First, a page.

This week, the world is gripped by the risk of conflict between the US and China. The People’s Liberation Army has fired live missiles into the Taiwan Strait in retaliation for US House Speaker Nancy Pelosi’s visit to Taipei and those who fear that China vs America is the next world war see Taiwan as a flashpoint. Some analysts imagine a repeat of the Cold War: two countries, two rival political systems, vying for world economic supremacy.
When Tom Tugendhat announced he was backing Liz Truss for prime minister, his former supporters were dismayed. He was the candidate for the ‘One Nation’ caucus of moderate MPs, who defined themselves against the Tory right. ‘Anyone but Truss’ was their mantra – and they lined up behind Rishi Sunak. Yet here was their former poster boy supporting their nemesis. What could Truss and Tugendhat possibly have in common? The answer can be summed up in a word: China.
Don’t believe Vladimir Putin’s hype. The Russian economy is not OK. With western sanctions jeopardising up to 40 per cent of the country’s GDP, Putin’s assurances of an economic pivot to the East are a sham. And his weaponising of gas supplies to Europe is the financial equivalent of
strapping on a suicide vest.
That, roughly, is the message of a major new study published last week by the Yale School of Management about the impact of sanctions on Russia.
‘I’ve cancelled my exercise class for this! I hope he’s worth it,’ said Selina in the hotel lobby. Rishi Sunak was coming to West Suffolk to meet members of our Conservative Association. Would he be worth a listen?
Clearly our members thought so. More than 90 of us rocked up at one day’s notice to meet Rishi (or Sushi, as one of our older members kept calling him). Rishi wanted to pitch for our votes. His strategy is to introduce himself to as many members as possible.
‘The word “Terror” is so generally and universally used in connection with everyday trivial matters that it is apt to fail to convey, when intended to do so, its real meaning.’ Thus begins the third chapter of The Man-Eating Leopard of Rudraprayag (1947), part of the Man-Eater series by the great Anglo-Indian hunter and naturalist Jim Corbett.
I was reminded of Corbett and his wonderful books when reading last week that human-assaulting tigers are once again on the prowl in Nepal, with 104 attacks and 62 people killed in the past three years.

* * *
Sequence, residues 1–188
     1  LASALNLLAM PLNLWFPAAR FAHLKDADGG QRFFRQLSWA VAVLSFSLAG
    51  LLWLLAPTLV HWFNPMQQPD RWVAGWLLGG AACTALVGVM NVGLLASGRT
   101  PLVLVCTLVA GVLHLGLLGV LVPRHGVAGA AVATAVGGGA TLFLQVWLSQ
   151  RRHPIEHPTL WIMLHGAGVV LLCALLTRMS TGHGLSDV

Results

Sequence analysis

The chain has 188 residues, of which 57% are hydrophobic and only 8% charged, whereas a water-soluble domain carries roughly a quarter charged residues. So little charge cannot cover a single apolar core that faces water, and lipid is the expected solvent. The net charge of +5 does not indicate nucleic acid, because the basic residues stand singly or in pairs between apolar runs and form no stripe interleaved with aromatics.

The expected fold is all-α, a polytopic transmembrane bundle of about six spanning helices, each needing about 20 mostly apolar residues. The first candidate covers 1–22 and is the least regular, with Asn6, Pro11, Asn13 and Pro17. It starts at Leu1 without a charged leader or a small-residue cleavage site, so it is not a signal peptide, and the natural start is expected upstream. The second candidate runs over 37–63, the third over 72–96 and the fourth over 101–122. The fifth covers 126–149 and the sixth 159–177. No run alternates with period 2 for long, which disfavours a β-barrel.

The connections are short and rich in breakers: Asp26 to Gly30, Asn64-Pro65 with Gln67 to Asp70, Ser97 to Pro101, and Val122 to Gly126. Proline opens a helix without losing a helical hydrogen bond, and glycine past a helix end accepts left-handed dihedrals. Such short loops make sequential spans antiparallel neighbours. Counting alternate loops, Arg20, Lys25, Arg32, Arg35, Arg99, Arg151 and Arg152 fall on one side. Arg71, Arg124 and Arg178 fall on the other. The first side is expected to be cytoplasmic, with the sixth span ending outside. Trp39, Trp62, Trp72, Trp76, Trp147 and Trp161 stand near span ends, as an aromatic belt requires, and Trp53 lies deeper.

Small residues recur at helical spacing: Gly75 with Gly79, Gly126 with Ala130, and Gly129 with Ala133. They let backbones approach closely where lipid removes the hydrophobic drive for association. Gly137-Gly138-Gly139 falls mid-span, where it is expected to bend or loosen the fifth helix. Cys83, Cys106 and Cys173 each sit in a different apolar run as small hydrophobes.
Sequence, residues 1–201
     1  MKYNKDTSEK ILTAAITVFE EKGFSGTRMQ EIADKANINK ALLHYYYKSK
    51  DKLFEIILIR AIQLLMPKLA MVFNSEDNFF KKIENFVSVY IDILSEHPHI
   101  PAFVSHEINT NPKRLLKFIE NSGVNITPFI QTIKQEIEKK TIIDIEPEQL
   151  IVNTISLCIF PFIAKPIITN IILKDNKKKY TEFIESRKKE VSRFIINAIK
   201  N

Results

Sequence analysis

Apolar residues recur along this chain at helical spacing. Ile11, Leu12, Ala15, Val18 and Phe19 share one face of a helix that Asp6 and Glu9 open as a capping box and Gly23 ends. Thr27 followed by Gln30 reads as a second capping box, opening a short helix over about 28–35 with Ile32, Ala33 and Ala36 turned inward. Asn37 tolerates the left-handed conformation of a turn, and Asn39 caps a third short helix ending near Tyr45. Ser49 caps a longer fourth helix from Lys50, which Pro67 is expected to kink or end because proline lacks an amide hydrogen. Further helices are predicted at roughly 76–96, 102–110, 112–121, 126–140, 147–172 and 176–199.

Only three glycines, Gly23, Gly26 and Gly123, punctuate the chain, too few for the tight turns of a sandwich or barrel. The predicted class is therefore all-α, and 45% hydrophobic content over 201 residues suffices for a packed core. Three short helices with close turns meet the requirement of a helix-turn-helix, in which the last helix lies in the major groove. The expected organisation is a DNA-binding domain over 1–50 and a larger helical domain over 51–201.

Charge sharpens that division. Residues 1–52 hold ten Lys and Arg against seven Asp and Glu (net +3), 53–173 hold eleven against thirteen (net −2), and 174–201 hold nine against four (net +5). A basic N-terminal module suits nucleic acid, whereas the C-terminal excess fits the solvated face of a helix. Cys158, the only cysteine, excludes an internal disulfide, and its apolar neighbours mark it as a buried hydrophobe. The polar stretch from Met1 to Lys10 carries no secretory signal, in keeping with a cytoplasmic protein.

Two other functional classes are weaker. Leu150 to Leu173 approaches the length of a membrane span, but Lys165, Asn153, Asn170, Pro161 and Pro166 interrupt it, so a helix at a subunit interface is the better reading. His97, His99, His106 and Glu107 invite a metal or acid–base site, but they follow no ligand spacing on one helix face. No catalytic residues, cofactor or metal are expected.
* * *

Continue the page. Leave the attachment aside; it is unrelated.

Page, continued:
We have been on a family holiday to Tangier, Morocco, and of course my mobile phone came too. Not that I was intending to use it much – minimum impulse roaming; I would mostly wait until we had wifi for the purposes of Instagram and the rest of it. And I don’t tend to use the telephone bit at all.
We had been at the villa two days when the barrage began – text after text, email after email, all from O2. I can’t pretend I am someone who can tell one service provider from another, but I know I am ‘with’ O2, and suddenly they were all over me.
You’ve just become prime minister. The public finances are in a mess, the Bank of England has stoked inflation, cutting taxes may make it worse, energy prices are through the roof, people are hurting so you can’t cut social spending, the Health Service is lengthening its waiting lists despite record budgets. What can you do? Given that you will be hearing a lot from people who do governing all day, here are ten things to remember on behalf of the rest of us – the governed:
Assume all public bodies have the same goal – and it isn’t what it says on the tin.
Every few months I take out a box of essential oils and carefully lay them out on my kitchen table, organising them in order from sweet-smelling to musty. On the left will be scents like juniper berry, lime, frankincense and bergamot; in the middle, woodish fragrances such as sandalwood and cedarwood; on the right, the darker stuff of patchouli and pine needle – and occasionally, when I’m feeling brave in my endeavour to make the perfect beard oil, lavender.